Resources for adults with autism
Workability/UCPSA: provides a variety of employment supports for transition age youth and adults with disabilities with the goal of competitive and integrative employment. These services include but are not limited to: Work Readiness Skills; Work-Based Learning Experiences; Career Exploration; Post-Secondary Counseling; Job Coaching and Development; Self-Advocacy Training; Peer-to-Peer Mentoring; Disability Awareness Training for Employers; and Education and Outreach to the Community.
DIRECT Center of Independence: advocates for disability rights and justice empowering individuals to achieve their self-identified independent living goals, promotes the independent living philosophy and principles of consumer control, informed choice, community integration, and dignity of risk.
RSA – Rehabilitation Services Administration provides leadership and resources to assist state and other agencies in providing vocational rehabilitation (VR) and other services to individuals with disabilities to maximize their employment, independence and integration into the community and the competitive labor market.
To complete form via email:
Division of Developmental Disabilities (DDD): Services for adults with developmental disabilities are delivered in the families or individual’s home as well as their community. Services are provided based on each person’s identified needs, state and/or federal guidelines and, when applicable, the availability of funds. Services are authorized and monitored by a support coordinator (case manager). The support coordinator promotes access to community resources and flexibility in meeting the person’s needs. While some services are delivered directly by the state, most services are delivered through a large network of individual and agency contracted providers.
To apply for services, you must complete this online application or call DDD.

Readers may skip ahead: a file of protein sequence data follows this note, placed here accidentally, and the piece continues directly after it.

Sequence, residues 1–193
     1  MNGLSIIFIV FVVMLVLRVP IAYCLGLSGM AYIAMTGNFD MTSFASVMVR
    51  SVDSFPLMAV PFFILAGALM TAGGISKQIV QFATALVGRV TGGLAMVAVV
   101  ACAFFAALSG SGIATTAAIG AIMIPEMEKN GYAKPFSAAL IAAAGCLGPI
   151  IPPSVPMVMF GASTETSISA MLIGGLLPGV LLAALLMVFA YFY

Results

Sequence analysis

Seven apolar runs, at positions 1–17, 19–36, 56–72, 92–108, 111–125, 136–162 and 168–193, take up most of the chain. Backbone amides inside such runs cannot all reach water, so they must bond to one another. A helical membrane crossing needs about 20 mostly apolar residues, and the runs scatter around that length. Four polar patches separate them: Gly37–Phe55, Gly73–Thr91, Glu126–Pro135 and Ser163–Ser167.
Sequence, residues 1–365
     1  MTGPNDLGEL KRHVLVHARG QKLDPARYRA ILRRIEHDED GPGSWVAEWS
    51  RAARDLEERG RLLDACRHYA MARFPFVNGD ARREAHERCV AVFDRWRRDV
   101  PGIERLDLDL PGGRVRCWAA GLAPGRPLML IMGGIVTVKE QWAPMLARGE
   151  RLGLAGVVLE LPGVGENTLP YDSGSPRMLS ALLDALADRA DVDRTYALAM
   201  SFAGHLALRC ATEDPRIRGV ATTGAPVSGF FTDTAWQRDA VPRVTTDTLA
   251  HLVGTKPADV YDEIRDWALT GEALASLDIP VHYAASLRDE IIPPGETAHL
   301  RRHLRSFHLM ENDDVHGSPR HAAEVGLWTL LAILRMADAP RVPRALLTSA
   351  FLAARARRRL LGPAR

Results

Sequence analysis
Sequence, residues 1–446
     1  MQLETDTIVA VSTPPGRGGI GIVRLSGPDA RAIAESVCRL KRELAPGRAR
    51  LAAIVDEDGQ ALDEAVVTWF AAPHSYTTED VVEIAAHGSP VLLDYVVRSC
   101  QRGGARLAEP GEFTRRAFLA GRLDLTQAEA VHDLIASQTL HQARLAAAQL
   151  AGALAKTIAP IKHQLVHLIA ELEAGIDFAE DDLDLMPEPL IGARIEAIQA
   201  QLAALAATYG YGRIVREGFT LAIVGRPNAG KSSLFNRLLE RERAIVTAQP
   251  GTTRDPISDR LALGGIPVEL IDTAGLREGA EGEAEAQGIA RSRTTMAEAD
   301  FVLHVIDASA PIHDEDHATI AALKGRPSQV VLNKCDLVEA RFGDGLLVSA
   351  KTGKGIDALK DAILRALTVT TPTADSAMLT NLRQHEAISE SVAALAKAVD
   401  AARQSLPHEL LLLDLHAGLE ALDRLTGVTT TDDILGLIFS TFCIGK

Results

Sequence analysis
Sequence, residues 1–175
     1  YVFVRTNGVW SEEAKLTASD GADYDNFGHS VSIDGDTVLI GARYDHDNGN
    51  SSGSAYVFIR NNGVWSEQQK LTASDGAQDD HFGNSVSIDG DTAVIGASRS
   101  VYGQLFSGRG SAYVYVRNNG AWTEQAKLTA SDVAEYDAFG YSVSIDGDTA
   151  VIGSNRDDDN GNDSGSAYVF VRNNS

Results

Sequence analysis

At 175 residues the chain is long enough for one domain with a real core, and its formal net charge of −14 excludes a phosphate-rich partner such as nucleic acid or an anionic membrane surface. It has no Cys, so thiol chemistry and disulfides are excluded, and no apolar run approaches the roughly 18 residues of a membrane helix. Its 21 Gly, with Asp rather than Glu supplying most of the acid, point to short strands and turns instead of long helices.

Online application: https://ddd.azdes.gov/dddeligibilityrequest/EligibilityRequirements.cshtml
Check eligibility requirements to be accepted and make sure you have necessary/accurate documentation: https://des.az.gov/sites/default/files/10_DDD_Eligibility.pdf
AZ Assist: Whether you are a teen, young adult or parent of someone on the autism spectrum AZ Assist offers support to public services offered. Areas they can assist with: Employment, Housing, SSI/SSDI, DDD, Transportation, Vocational Training, Therapies, and Empowerment Scholarships.
Phone: 480-779-0899 (Ask for Lynne Knudson)
Southern Arizona Association for the Visually Impaired (SAAVI): Provides a comprehensive rehabilitation program for blind and visually impaired people throughout Arizona. These services include: counseling and support groups to help you with adjustment to your vision loss; home management training; access technology training; orientation and mobility training; career exploration; job readiness, placement and retention; health and wellness and adaptive sports; Diabetes management; college support; remedial education, and GED preparation and English as a Second Language.
SALT Center: The SALT Center inspires students with learning and attention challenges to succeed in higher education. Through the provision of comprehensive academic support services, the SALT Center encourages student engagement, self-awareness, and growth.